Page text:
- invest $5 million in building and preserving affordable homes (H5858)
No More Endless War and Militarism held a picket outside the Cranston offices of Senator Jack Reed (Democrat, Rhode Island) on Wednesday with the message that, “It’s time to shift our economic priorities away from corporate profits.”
14. ACLU of Rhode Island
- ACLU Brief Challenges Police Access to Prescription Database Without a Warrant
- Attorney General Reverses Former AG, Releases Documents in Google Settlement Fund Case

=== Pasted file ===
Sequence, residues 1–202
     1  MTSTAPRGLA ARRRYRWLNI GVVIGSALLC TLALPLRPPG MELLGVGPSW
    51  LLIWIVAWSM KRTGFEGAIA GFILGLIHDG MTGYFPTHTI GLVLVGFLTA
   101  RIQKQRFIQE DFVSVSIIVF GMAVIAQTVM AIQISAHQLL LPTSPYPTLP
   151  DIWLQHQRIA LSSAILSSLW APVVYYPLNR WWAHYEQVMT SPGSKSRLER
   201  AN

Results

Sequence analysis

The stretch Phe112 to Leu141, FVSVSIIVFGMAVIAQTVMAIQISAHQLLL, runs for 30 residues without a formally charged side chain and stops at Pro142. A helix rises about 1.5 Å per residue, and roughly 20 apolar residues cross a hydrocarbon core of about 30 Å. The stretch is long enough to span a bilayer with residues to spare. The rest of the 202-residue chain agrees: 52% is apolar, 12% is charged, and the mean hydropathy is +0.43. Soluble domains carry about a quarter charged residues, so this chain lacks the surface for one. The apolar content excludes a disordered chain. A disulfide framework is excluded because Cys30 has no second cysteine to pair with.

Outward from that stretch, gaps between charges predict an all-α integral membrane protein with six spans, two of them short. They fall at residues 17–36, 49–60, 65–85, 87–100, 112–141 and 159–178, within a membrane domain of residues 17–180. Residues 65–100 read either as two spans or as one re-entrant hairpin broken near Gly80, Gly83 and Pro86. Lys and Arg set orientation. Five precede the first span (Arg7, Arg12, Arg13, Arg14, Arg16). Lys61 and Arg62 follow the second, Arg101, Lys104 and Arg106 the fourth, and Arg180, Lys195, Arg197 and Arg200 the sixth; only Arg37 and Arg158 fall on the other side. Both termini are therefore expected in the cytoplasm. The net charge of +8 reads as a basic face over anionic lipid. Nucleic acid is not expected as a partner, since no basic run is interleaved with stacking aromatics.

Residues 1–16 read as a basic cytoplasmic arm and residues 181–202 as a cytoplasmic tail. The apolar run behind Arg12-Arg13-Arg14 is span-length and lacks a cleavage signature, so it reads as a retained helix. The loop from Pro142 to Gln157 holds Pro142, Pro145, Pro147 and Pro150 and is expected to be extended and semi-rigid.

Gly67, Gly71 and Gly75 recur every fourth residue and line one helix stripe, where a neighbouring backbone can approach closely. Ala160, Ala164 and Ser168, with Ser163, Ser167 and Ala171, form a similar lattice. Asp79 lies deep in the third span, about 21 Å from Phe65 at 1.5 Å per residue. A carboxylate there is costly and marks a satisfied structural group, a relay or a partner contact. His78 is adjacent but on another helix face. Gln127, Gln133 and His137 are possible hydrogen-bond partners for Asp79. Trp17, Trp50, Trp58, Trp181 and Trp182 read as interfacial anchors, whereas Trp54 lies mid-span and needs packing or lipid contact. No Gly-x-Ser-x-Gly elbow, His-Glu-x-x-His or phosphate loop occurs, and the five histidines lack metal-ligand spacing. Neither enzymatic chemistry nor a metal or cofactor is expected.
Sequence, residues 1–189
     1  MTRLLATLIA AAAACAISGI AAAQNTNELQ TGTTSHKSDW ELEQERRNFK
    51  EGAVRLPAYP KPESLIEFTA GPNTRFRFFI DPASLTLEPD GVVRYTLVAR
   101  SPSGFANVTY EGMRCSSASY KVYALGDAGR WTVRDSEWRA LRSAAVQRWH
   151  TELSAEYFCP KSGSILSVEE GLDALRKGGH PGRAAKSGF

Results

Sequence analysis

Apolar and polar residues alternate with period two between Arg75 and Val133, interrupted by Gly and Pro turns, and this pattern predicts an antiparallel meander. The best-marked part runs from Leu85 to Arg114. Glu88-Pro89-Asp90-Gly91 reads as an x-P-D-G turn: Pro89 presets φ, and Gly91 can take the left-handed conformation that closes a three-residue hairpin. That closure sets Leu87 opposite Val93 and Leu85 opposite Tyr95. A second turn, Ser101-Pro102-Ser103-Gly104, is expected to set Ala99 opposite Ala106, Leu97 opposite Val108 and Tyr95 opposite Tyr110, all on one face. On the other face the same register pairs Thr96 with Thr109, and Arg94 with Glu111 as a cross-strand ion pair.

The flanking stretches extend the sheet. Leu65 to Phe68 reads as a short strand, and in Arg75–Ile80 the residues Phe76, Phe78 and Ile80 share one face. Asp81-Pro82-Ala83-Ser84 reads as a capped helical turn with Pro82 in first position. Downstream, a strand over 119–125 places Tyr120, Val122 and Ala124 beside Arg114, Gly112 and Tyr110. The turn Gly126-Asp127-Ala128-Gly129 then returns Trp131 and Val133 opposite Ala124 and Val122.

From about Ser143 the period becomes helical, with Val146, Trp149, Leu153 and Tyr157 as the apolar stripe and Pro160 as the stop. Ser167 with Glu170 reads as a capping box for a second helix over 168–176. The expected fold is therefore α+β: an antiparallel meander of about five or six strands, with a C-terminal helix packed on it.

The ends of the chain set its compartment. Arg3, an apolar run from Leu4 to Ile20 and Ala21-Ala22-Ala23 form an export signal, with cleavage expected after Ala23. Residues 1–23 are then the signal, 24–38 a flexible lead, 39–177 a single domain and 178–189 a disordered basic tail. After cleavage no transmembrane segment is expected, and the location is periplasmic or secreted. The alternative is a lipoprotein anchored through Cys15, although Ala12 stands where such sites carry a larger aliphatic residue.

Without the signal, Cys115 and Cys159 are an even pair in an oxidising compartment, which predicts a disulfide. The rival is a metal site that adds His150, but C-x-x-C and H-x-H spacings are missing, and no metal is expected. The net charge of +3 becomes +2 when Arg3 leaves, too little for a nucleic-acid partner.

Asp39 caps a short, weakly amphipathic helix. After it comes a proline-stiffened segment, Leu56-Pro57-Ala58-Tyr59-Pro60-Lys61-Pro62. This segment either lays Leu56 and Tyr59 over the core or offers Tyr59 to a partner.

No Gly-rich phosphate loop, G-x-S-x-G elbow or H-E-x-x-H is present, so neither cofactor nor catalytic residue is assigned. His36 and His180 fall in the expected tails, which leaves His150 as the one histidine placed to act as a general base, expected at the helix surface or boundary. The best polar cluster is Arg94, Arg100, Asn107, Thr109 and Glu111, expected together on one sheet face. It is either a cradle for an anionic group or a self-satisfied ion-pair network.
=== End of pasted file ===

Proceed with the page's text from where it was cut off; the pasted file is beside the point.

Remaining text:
15. The Bartholomewtown Podcast
- Discussing The Boston Globe’s Rhode Island plans with Ed Fitzpatrick
- Gene Valicenti (Anchor / Host, WJAR NBC 10 + News/Talk 99.7 / 630AM WPRO
16. The People’s Radio
Ian Donnis, Scott MacKay and Maureen Moakley interview Representative David Place (Republican, District 47, Burrillville, Glocester) about Second Amendment Sanctuary Towns and more.
18. Picture of the Week